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Cable reference id: #04BRASILIA941
“All of them, those in power, and those who want the power, would pamper us, if we agreed to overlook their crookedness by wilfully restricting our activities.” — “Refus Global“, Paul-Émile Borduas

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This record is a partial extract of the original cable. The full text of the original cable is not available.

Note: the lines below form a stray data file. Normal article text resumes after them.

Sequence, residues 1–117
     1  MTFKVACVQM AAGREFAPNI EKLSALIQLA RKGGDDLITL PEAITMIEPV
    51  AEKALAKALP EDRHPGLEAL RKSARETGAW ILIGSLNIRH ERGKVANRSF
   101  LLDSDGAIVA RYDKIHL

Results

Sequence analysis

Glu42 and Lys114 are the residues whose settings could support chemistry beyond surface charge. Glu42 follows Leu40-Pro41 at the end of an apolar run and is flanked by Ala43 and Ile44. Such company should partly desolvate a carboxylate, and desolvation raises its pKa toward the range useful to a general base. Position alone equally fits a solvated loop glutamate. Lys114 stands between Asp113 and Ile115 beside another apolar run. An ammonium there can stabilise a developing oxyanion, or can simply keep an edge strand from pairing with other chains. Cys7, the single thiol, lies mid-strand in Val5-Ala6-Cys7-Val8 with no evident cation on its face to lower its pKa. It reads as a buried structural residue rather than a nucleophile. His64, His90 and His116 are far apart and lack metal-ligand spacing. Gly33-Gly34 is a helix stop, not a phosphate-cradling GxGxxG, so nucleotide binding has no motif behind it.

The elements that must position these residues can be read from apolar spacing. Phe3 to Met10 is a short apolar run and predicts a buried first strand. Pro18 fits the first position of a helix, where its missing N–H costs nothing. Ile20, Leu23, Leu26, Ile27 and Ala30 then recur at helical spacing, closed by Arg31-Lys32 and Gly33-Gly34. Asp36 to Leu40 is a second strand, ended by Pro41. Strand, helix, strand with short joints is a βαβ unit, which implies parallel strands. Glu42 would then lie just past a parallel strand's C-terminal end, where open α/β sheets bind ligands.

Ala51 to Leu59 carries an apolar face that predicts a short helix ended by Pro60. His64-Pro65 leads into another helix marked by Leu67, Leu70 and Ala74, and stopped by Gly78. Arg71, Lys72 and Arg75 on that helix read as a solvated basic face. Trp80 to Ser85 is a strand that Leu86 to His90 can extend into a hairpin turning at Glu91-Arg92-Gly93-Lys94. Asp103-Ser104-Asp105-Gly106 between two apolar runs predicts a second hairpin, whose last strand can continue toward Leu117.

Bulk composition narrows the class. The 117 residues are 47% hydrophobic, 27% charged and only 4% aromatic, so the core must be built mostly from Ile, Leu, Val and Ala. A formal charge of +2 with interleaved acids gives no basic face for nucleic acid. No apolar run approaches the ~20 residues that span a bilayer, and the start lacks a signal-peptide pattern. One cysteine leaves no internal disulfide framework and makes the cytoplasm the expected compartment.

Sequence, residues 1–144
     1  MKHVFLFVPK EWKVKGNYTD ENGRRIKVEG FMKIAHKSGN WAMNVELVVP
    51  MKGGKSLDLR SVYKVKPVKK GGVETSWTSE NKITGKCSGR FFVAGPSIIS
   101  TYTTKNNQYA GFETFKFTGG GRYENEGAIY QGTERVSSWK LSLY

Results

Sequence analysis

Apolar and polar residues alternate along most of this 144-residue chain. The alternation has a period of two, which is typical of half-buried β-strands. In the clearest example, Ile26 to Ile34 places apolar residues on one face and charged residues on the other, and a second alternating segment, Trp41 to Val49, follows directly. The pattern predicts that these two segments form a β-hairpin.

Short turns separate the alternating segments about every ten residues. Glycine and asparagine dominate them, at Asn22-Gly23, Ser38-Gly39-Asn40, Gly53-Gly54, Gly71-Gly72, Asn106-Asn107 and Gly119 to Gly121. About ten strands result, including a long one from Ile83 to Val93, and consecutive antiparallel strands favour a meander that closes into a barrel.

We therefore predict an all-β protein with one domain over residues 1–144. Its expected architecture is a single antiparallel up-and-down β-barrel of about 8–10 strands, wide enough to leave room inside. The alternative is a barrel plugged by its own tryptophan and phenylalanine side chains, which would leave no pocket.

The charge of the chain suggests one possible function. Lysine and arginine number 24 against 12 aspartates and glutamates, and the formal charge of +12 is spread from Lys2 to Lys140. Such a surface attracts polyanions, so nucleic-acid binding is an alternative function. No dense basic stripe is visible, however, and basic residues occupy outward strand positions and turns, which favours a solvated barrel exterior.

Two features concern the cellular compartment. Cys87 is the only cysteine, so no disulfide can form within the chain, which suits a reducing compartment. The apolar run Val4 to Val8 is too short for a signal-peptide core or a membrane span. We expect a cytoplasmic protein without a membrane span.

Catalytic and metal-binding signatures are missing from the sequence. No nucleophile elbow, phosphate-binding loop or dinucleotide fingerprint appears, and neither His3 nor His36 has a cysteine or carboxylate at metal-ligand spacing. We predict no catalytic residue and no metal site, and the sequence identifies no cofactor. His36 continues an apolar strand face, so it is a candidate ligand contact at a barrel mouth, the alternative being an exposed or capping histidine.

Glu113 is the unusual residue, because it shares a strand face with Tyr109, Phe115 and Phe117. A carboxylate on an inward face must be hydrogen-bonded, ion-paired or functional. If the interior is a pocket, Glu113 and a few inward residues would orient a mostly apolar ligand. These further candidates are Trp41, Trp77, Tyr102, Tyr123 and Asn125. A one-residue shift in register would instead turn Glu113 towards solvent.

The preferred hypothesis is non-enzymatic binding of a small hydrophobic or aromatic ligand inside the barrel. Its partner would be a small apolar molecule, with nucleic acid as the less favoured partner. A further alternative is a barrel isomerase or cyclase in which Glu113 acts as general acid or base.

Hide header C O N F I D E N T I A L SECTION 01 OF 03 BRASILIA 000941 SIPDIS E.O. 12958: DECL: 04/19/2014 TAGS: PHUM [Human Rights], PGOV [Internal Governmental Affairs], KCRM [Criminal Activity], SOCI [Social Conditions], BR [Brazil], Domestic Security & Crime SUBJECT: BRAZILIAN INDIANS KILL 29 PROSPECTORS REF: BRASILIA 0682 Classified By: POLOFF RICHARD REITER, FOR REASONS 1.4B AND D. ¶1. (C) SUMMARY. On April 7, some 29 diamond prospectors working illegally on an Indian reservation in the western Brazilian state of Rondonia were slain by members of the Cinta-Larga tribe. Three bodies were found on April 11 and another twenty-six on April 16. Authorities now fear reprisals against Indians, some of whom have been assaulted in a nearby town. The situation remains tense and a police investigation is underway. Since reports of the massacre began to trickle in, conflicting stories have emerged about the motive for the killings. Indian leaders and officials of the GoB's indian agency, FUNAI, say the Indians were defending their land against a long-running invasion by illegal miners. But some police officials say that several Indian leaders are involved in diamond trafficking, and that the murders were a show of force against those who failed to give them their share. In response to the massacre, the government plans another police sweep of the Rondonia reservation as well as a new law to facilitate legal concessions of mineral rights on Indian lands. END SUMMARY. DOZENS DEAD ON ROOSEVELT RESERVATION ------------------------------------ ¶2. (SBU) On April 7, at least twenty-nine diamond prospectors were killed in the dense jungle of the western Brazilian state of Rondonia. The massacre occurred on the Roosevelt Indian reservation (named for a nearby river that was first mapped by Theodore Roosevelt in 1914). The reservation includes four areas comprising 2.7 million hectares (the size of Massachusetts) and is home to six Indian tribes, of which the 1,500-member Cinta-Larga ("Broad Sash") is the largest. Three corpses were found at one site on April 4. On April 16, authorities responding to reports from prospectors and led by local Indians found approximately 26 more bodies at a separate site. The bodies were hacked to pieces and decomposed, making it difficult to assess how many were killed or to identify the dead. Given the rugged terrain and the isolated nature of mining, more bodies may yet be discovered. Gilton Muniz, of the Prospectors' Union, says another twelve prospectors remain missing, and state Governor Ivo Cassol told the press on April 17, "Unfortunately, many more bodies will be found." ¶3. (SBU) Cinta-Larga leader Oita Matina announced that the attack was carried out by his tribe's warriors in response to an ongoing invasion by diamond hunters that began in 1999. Mercio Pereira, President of FUNAI ("National Indian Foundation" --the GoB's Indian agency) concurred, noting, "We are very sorry for those who died, but we must also say that the Indians are defending their lands. The prospectors are completely illegal." Pereira's statement exacerbated tensions between his agency and the state government, as Governor Cassol wondered rhetorically if Pereira would encourage landowners whose farms are occupied by the Landless Movement (MST) to respond with violence. DIAMOND TRADE FUELS VIOLENCE ---------------------------- ¶4. (C) The discovery of South America's richest diamond deposits (estimated at US$2 billion) on the Roosevelt reservation ignited a rush of prospectors to the area in 1999. By law, commercial mining on Indian lands is prohibited, unless specifically authorized by Congress. FUNAI's Pereira says that his agency, along with the Federal Police, have conducted four sweeps to remove illegal prospectors from the reservation, including one in January when 4,500 prospectors were removed, but many later returned. The lawless nature of the region and the huge sums at stake have fed a culture of violence: the Civil Police chief in the nearby town of Espigao do Oeste says that from 1999 to 2003, at least thirty prospectors' bodies were found on the Roosevelt reservation, though it is not clear how many died in conflicts with Indians or with other prospectors. In November 2003, four prospectors were killed in one incident, and an injured survivor charged that a FUNAI official, whom he alleged was involved in diamond trafficking, was among the assailants. FUNAI President Pereira insisted to us that the charges were investigated and found baseless. SOME INDIAN LEADERS MAY BE DIAMOND SMUGGLERS -------------------------------------------- ¶5. (SBU) In a recent interview, regional Federal Police commander Marco Aurelio Moura said his office has refocused its efforts away from the Roosevelt reservation, "We don't have enough people to interfere with the prospectors' activities, and now we have information that the Indians themselves are involved in diamond trafficking, so we have changed our strategy to investigate those who buy the gems." By going after smugglers rather than prospectors, the Federal Police have made 30 arrests in Rondonia this year, including of Marcos Glika, reportedly one of Brazil's most important gem traffickers. Press reporting dating to 2001 describes how some tribal leaders suddenly became rich while most of the tribe lived in misery, and also alleged that some FUNAI officials may be implicated in the diamond trade. ¶6. (C) These reports, which the Federal Police's National Coordinator for Special Border Operations, Mauro Sposito, told us were generally accurate, indicate that soon after the diamond rush began in 1999, some Cinta-Larga began charging fees to the prospectors: a reported R$10,000 (about US$3,300) per head plus up to 50% of profits. This suggests that the April 7 massacre was more complicated than the initial reporting indicated. As thousands of prospectors surged into the area --and formed unions that pressured the government for commercial rights-- the Indians began to lose control of their profit-sharing system. Some Federal Police have told the press that there is no broad conflict between the Cinta-Larga and the prospectors, but that the killings are a "settling of scores": killing those who failed to pay their fees. SITUATION: "A POWDER KEG" ------------------------- ¶7. (SBU) The massacre has left the region a "powder keg", according to Federal Police commander Moura. As reports brought by prospectors trickled in, Indians in the area have been assaulted by furious townspeople and miners. One Indian was terrorized by 300 people on the central square of the town of Espigao do Oeste, only to be freed after hours of negotiations by local officials. Military Police commander Firmino Aparecido told the press that most of the 100 Cinta-Larga who live in the town have now fled. Prospectors' Union leader Muniz says that the climate is tense, "The prospectors are upset and want to react. The prospectors were surprised by the Indians, who showed up shooting. We just want to work and have the right to extract the minerals". Muniz estimates there are 7,000 prospectors in Rondonia, about 1,000 of whom are on the Roosevelt reservation. STATE OF THE INVESTIGATION -------------------------- ¶8. (C) Federal Police Coordinator Sposito told us on April 18 that the remains were still being removed by helicopter to the state capital of Porto Velho for autopsies and identification and that the operation could take a few more days. Fifty Federal Police agents, together with FUNAI officials, are investigating the massacre. Sposito noted that while the Cinta-Larga tribe has taken responsibility, the investigation will look for the individuals involved --and that the police have a "good idea" who they were. FUNAI President Mercio Pereira told us he was alarmed that the government was pointing the finger at the Cinta-Larga and looking for an easy scapegoat. In the meantime, federal officials are planning another operation to remove prospectors still on the reservation, and uniformed police are on alert to prevent an escalation of violence. COMMENT - SLOW PROGRESS ON INDIAN AFFAIRS ----------------------------------------- ¶9. (C) In the short-run, the GoB response to the Rondonia massacre consists of the police investigation, followed by what Justice Minister Bastos announced on April 18 will be an operation of "general disarmament" to try to discourage further bloodshed. 200 Federal Police and FUNAI officers will initiate the operation as soon as they have finished recovering the remains of the 26 murdered prospectors. This operation may be lashed together with the previously scheduled "Operation Rondonia" (reftel). Medium-term, the government is drafting a law to regulate mineral rights on reservations in order to provide Indians with legal means to extract and sell diamonds without resorting to the black market. FUNAI President Pereira told us the bill is now in an inter-ministerial committee, and he hopes it will go to Congress before the July recess. Further, the Ministry of Mines and Energy is studying the possibility of making available to prospectors some mining concessions located outside of the reservation. ¶10. (C) Longer term, the Lula government has been slow to take the initiative on indigenous issues. It has not put forward a comprehensive national plan and is trying to resolve several simultaneous disputes, most of which concern demarcation of new reservations. Last week President Lula presided over a contentious cabinet meeting to debate the long-running case of the Raposa Serra do Sul reservation in the northern state of Roraima (septel) that still awaits demarcation; a decision was put off until April 27. HRINAK